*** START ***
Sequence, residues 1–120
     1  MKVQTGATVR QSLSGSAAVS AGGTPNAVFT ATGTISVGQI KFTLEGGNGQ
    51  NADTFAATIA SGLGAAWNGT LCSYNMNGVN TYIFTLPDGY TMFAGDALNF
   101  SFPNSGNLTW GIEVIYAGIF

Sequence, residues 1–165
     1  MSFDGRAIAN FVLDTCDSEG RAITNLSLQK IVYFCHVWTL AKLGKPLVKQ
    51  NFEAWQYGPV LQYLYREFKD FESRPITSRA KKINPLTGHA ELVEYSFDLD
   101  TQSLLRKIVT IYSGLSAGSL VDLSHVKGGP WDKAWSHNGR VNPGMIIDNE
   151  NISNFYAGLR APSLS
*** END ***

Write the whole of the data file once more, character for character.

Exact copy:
Sequence, residues 1–120
     1  MKVQTGATVR QSLSGSAAVS AGGTPNAVFT ATGTISVGQI KFTLEGGNGQ
    51  NADTFAATIA SGLGAAWNGT LCSYNMNGVN TYIFTLPDGY TMFAGDALNF
   101  SFPNSGNLTW GIEVIYAGIF

Sequence, residues 1–165
     1  MSFDGRAIAN FVLDTCDSEG RAITNLSLQK IVYFCHVWTL AKLGKPLVKQ
    51  NFEAWQYGPV LQYLYREFKD FESRPITSRA KKINPLTGHA ELVEYSFDLD
   101  TQSLLRKIVT IYSGLSAGSL VDLSHVKGGP WDKAWSHNGR VNPGMIIDNE
   151  NISNFYAGLR APSLS